Oscars 2021: The Case of The Power of the Dog

Jane Campion’s The Power of the Dog is my ninth Case Of post covering the Best Picture nominees for the 2021 Academy Awards. If you missed the previous entries, you can access them here:

Oscars 2021: The Case of Belfast

Oscars 2021: The Case of CODA

Oscars 2021: The Case of Don’t Look Up

Oscars 2021: The Case of Drive My Car

Oscars 2021: The Case of Dune

Oscars 2021: The Case of King Richard

Oscars 2021: The Case of Licorice Pizza

Oscars 2021: The Case of Nightmare Alley

The Case for The Power of the Dog:

And it’s quite a case to be made. Last week, the Netflix period drama ruled Oscar nominations morning with an even better than expected 12 nods. It even garnered unexpected mentions in Sound and for Jesse Plemons in Supporting Actor (alongside his costars Benedict Cumberbatch, Kirsten Dunst, and Kodi Smit-McPhee). In doing so, Dog landed placements in all of the down the line races where a BP win is key: directing, performances, adapted screenplay, editing, and so forth. At the Golden Globes (where many were predicting a Belfast victory), it took Best Drama. It’s also been the beneficiary of numerous critics groups awards for Best Pic.

The Case Against The Power of the Dog:

Being the frontrunner doesn’t always pan out and we’ve seen it in three of the past five Oscars. Just ask La La Land (which lost to Moonlight in 2016), Roma (which fell to Green Book in 2018), and 1917 (which came up short to Parasite in 2019). Getting the most nominations also doesn’t mean you’re taking the big prize. Just ask Mank from last year. Or Joker two years ago. Or The Favourite or Roma from 2018.

The Verdict:

While the case against is somewhat persuasive, there’s no denying that Dog is unquestionably the favorite to win. Yet there’s compelling evidence that an upset is certainly feasible.

My Case Of posts will continue with West Side Story

NBR Delivers for Pizza

The National Board of Review bestowed their honors today for their finest of 2021 and they delivered it to Paul Thomas Anderson’s Licorice Pizza. The coming-of-age dramedy took Best Film and Director. The awards certainly solidify its status as a major contender in the Picture race at the Oscars. In the 21st century, only 3 of the 21 winners (2000’s Quills, 2014’s A Most Violent Year, last year’s Da 5 Bloods) did not manage to make the Academy’s cut. On the flipside, the victorious picture here usually doesn’t win. In this century it’s happened thrice (2007’s No Country for Old Men, 2008’s Slumdog Millionaire, 2018’s Green Book). So if we’re going by recent history, Pizza should get nominated but probably won’t take the gold.

This voting branch also names nine other movies in their Best Of rundown. Over the past five years, the number of NBR selections compared to Oscar BP contestants ranges between 4-7. In 2016, it hit the high mark at 7. There were six in 2017 and 2019, five in 2020, and just four in 2018. The other nine films in 2021 are Belfast, Don’t Look Up, Dune, King Richard, The Last Duel, Nightmare Alley, Red Rocket, The Tragedy of Macbeth, and West Side Story. From that list, I would say only Duel and Rocket seem like major longshots to get attention from the Academy. All others are feasible.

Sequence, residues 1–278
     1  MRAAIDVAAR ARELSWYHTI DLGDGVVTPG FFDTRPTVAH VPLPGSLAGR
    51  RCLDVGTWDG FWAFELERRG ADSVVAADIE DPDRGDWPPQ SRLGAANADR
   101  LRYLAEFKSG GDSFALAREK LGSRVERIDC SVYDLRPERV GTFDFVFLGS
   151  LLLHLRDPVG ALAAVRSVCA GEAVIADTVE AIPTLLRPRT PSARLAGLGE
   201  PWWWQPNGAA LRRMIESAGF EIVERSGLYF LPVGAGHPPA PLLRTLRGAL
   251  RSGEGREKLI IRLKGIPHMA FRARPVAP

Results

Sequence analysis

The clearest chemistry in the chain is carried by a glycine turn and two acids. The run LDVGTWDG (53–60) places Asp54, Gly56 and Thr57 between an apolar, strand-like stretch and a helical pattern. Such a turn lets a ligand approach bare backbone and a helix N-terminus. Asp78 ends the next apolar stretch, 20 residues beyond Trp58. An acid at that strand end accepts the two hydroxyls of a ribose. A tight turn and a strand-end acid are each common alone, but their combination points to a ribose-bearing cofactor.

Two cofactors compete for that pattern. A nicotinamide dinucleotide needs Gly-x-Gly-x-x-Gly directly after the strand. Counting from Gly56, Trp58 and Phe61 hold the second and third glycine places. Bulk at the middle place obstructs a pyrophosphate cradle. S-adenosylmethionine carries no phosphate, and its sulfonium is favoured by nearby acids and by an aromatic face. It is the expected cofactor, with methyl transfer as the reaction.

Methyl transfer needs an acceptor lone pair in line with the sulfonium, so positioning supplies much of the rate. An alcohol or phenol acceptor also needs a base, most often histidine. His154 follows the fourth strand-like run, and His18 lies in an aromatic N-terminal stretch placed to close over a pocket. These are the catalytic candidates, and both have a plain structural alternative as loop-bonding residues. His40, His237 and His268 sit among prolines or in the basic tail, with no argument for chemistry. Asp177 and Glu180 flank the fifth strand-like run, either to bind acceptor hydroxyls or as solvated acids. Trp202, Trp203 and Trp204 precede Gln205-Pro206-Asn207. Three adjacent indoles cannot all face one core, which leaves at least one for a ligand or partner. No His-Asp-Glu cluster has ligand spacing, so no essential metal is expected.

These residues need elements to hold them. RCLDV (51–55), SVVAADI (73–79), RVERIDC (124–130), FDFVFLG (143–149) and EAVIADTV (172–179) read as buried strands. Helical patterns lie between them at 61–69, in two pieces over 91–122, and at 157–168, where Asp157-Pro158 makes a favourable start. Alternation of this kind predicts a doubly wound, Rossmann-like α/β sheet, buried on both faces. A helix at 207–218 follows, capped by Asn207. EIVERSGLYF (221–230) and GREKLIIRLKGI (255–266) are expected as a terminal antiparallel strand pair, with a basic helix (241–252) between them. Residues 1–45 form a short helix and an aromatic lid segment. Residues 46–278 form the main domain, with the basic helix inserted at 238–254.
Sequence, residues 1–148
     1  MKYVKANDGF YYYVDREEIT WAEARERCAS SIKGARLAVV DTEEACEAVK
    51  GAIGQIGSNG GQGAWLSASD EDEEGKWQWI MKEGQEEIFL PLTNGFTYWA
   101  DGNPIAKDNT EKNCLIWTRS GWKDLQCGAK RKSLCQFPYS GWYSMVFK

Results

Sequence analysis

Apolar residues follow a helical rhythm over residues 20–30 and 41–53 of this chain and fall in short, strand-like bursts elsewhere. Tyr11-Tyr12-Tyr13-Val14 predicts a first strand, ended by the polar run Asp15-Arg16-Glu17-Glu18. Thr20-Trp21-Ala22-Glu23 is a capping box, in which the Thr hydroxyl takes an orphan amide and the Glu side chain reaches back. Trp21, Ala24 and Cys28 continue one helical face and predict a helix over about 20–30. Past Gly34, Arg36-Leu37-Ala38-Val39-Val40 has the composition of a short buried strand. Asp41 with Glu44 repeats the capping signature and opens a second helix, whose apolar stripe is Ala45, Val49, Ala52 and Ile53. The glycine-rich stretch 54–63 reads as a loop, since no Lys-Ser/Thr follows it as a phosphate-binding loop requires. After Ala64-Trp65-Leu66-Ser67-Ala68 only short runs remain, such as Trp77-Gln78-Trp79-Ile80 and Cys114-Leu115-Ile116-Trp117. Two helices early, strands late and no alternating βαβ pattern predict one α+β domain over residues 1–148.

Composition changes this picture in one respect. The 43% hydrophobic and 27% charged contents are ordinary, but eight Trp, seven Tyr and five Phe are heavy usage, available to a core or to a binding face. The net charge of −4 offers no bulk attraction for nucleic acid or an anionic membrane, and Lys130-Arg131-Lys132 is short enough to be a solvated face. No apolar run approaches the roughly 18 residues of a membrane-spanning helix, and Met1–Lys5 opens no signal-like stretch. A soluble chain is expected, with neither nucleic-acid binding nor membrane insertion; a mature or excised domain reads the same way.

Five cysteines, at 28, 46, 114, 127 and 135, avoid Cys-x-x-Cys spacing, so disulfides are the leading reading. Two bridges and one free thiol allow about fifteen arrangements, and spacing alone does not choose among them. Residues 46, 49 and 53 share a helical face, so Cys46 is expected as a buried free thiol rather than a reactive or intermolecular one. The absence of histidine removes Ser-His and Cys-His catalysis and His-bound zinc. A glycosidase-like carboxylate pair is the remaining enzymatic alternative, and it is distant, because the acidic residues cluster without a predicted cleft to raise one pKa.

The biggest omission from NBR’s list is absolutely Jane Campion’s The Power of the Dog, which I’ve had ranked at #2 in my BP standings for awhile. The solace for Dog is that two recent BPs (2017’s The Shape of Water, 2019’s Parasite) didn’t make the NBR ten. Other pics that missed NBR: Being the Ricardos, C’Mon C’Mon, CODA, House of Gucci, Mass, Spencer, and Tick Tick… Boom!

As for the actors – Will Smith (the Academy frontrunner) took Best Actor for his King Richard while costar Aunjanue Ellis won Supporting Actress. Both are widely expected to play in the Oscar race and either or both could win.

NBR did not choose Academy favorite Kristen Stewart for Spencer and opted for Rachel Zegler in West Side Story (her debut role). I had Zegler placed sixth yesterday in the crowded Actress derby, but she could be on her way to making the final five cut.

The wide open Supporting Actor derby favored Ciaran Hinds for Belfast. I am completely unsure what the Academy does in this race. This could forward a narrative that Hinds is more likely to receive Oscar attention than his costar Jamie Dornan (though they could both get in).

Screenplay races provided a couple of surprises. Pizza would have been the logical choice for Original, but NBR instead chose Asghar Farhadi’s A Hero. In Adapted, Joel Coen was selected for The Tragedy of Macbeth (which also took Cinematography). Most pundits (including myself) have Power of the Dog as the winner, but the category opened up on this platform since it missed the ten.

Lastly, the Animated, Documentary, and Foreign Language races all featured movies that could prevent Flee from taking any of the three prizes at the Oscars: Encanto, Summer of Soul, and A Hero. 

My blog posts on the state of the 2021 Oscar race will continue…

Oscar Predictions: Swan Song

Playing at AFI Fest ahead of its December 17th streaming premiere on Apple TV, early word is out for the futuristic drama Swan Song. Marking the feature length directorial debut for Benjamin Cleary (who won the Oscar for Live Action Short Film in 2015 for Stutterer), Mahershala Ali stars as a terminally ill man faced with decision of cloning himself. Naomie Harris, Glenn Close, and Awkwafina costar.

Based on a rather small sampling of critical reaction, the buzz seems mixed. Some reviewers are hailing it as an effective weepie while others are more soft in their praise. The bulk of write-ups are quick to point out the fine work from Ali and Harris. This isn’t their first collaboration. Five years ago, Ali knocked out all competitors to win Supporting Actor for Moonlight. Two years later, he would again be victorious in the same race for Green Book. Harris made the cut in Supporting Actress for Moonlight, but ultimately lost to Viola Davis for Fences.